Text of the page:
JOBBAGY GAMPEL Esteban Gabriel
Sensitivity of groundwater levels and chemistry to partial removal of vegetation in Prosopis woodlands of the Monte Desert, Argentina
MEGLIOLI, PABLO A.; VILLAGRA, PABLO E.; ARANIBAR, JULIETA N.; MAGLIANO, PATRICIO N.; JOBBÁGY, ESTEBAN G.
JOURNAL OF HYDROLOGY
ELSEVIER SCIENCE BV
Año: 2021 vol. 598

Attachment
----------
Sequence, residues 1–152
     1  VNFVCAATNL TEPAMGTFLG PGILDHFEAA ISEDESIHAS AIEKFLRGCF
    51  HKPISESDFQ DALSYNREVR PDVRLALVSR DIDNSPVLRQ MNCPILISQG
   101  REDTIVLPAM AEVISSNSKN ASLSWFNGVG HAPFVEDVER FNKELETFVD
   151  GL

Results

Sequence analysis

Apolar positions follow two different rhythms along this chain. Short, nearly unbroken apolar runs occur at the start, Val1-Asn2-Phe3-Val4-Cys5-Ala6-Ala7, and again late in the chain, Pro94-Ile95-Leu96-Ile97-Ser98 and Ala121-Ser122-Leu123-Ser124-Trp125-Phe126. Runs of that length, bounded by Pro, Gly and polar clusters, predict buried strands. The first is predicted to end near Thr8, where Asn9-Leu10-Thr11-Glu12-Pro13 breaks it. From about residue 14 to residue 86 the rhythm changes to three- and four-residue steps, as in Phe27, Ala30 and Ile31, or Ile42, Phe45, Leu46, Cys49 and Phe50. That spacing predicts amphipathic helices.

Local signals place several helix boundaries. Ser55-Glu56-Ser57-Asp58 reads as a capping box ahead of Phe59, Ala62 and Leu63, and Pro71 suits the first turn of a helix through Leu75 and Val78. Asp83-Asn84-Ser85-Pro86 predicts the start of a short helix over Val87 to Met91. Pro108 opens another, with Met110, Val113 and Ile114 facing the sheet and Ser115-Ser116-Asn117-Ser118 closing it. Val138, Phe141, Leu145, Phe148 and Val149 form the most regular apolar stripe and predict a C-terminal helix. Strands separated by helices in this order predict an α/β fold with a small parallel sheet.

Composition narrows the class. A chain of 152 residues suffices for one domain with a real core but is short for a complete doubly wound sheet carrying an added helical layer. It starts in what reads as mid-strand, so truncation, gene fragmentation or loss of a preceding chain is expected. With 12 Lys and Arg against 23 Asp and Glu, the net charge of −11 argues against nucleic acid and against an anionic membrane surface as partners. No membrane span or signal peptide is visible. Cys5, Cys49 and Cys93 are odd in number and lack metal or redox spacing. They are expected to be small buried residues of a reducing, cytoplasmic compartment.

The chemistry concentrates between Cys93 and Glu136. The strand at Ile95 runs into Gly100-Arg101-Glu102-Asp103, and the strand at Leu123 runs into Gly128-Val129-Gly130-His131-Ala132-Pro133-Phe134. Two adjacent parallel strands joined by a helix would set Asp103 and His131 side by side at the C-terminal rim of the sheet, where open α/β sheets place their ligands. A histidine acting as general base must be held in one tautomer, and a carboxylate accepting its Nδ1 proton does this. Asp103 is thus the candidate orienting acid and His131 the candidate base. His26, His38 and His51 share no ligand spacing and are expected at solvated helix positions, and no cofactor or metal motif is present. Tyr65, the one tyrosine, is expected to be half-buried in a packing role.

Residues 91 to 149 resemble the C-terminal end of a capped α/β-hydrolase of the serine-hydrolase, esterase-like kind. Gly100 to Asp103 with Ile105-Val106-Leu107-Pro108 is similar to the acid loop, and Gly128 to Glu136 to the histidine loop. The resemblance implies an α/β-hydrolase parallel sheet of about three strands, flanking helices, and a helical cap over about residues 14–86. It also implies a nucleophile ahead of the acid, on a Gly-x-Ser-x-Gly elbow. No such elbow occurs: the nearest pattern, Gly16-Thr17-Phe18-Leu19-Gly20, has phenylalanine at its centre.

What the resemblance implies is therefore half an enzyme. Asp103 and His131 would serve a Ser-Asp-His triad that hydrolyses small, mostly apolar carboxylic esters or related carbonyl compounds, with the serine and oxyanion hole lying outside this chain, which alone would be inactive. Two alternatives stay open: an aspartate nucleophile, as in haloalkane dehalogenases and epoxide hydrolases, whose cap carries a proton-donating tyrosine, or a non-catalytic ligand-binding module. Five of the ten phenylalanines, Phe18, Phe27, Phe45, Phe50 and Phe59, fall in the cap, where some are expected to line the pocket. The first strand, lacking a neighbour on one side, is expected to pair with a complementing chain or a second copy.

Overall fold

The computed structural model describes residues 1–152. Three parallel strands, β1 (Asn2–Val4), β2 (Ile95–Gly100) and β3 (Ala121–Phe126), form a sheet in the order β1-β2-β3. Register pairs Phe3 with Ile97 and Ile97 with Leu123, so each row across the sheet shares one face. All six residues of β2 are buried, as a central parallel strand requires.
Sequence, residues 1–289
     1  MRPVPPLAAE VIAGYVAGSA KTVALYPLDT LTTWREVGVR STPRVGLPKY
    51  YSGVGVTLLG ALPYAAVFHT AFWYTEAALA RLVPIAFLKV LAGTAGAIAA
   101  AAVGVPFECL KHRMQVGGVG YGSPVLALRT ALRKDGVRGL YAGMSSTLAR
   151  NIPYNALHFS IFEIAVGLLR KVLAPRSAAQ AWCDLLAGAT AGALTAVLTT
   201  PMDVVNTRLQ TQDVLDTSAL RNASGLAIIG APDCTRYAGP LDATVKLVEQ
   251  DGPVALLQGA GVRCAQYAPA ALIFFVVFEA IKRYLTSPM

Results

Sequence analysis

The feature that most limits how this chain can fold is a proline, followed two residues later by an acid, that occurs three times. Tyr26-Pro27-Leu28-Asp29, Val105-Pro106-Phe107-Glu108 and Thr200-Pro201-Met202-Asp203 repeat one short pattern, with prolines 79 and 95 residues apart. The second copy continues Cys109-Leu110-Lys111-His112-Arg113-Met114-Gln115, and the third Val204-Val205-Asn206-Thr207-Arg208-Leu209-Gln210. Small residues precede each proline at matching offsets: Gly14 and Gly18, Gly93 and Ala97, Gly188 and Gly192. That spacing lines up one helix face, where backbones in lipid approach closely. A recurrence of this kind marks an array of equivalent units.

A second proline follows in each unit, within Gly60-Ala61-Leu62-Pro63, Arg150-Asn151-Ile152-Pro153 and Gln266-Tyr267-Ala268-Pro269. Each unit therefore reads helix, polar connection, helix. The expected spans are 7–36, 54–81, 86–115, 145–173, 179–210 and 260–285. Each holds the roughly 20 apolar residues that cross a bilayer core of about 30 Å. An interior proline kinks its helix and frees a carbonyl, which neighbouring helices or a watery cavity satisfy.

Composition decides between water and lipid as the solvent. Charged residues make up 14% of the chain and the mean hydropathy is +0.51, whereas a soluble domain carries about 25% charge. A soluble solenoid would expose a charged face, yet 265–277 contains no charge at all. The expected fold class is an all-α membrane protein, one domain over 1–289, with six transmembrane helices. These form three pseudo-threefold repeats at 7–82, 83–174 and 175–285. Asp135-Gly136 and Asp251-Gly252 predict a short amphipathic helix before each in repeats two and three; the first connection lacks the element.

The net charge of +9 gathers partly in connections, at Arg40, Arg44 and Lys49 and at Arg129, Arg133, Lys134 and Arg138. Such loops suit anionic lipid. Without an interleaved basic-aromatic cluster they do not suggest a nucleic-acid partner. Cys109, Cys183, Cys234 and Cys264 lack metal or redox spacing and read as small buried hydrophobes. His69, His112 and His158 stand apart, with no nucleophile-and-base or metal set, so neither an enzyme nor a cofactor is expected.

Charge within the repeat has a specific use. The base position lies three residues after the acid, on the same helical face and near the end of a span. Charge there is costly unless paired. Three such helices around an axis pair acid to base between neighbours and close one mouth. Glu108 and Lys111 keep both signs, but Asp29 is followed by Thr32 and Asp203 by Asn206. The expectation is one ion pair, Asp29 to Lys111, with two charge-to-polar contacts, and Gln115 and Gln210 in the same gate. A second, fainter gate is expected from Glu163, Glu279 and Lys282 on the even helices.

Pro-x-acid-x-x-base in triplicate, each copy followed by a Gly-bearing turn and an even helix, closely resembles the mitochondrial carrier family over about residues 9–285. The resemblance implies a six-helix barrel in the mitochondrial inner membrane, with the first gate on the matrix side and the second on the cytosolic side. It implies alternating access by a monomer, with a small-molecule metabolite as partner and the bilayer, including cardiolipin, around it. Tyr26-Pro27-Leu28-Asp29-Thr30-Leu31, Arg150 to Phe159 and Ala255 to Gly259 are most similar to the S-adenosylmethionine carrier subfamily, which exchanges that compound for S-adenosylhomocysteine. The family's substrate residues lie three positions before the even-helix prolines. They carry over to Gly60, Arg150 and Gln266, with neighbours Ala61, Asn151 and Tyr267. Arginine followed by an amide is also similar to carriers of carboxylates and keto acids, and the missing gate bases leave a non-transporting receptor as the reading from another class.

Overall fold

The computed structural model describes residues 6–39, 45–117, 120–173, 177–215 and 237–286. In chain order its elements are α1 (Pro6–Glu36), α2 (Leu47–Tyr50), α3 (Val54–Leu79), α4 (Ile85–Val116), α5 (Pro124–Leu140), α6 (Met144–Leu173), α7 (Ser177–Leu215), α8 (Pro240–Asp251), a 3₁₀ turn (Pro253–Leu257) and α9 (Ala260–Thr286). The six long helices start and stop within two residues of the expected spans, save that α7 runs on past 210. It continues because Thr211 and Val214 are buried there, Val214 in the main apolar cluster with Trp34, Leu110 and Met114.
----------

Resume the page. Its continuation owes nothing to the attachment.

Land use changes affecting ecological and hydrological processes often shape the biogeochemistry of deserts. As highly productive hotspots, Prosopis flexuosa woodlands located in interdune lowlands of the Monte Desert are subject to intense transformations by humans and livestock, and offer a unique opportunity to understand how phreatophyte vegetation, groundwater, rainfall variability, and vertical solute fluxes connect with each other. In this ecosystem, we evaluated the consequences of heavy disturbance by livestock settlements (partial tree removal, intense grazing) on shallow (715 m deep) groundwater recharge/discharge dynamics and vertical solute (nutrients and salts) transport. We compared three relatively undisturbed woodlands with three paired livestock stations in the Telteca Reserve (Mendoza, Argentina). At these locations we monitored groundwater levels and chemical and isotopic compositions during six years (20112017). Seasonal groundwater level fluctuations reflected shifts in water demand (lower in the cold season) rather than rainfall (high in the warm season), as shown by fall-winter rises and spring-summer declines. These seasonal fluctuations were more intense in undisturbed woodlands than in livestock stations. At a shorter time scale, intense rainfall events were associated to groundwater level raises, suggesting a partial decoupling of phreatophyte vegetation from the free aquifer and, less likely, recharge episodes. Livestock stations also affected groundwater chemistry by locally increasing chloride and nitrate concentrations, and salinity, suggesting higher water percolation and nitrate leaching to the aquifer in livestock stations than in control woodlands. This study addressed ecohydrological processes, which are necessary to understand the coupling between phreatophyte vegetation and groundwater, and its relationships with human and livestock activities.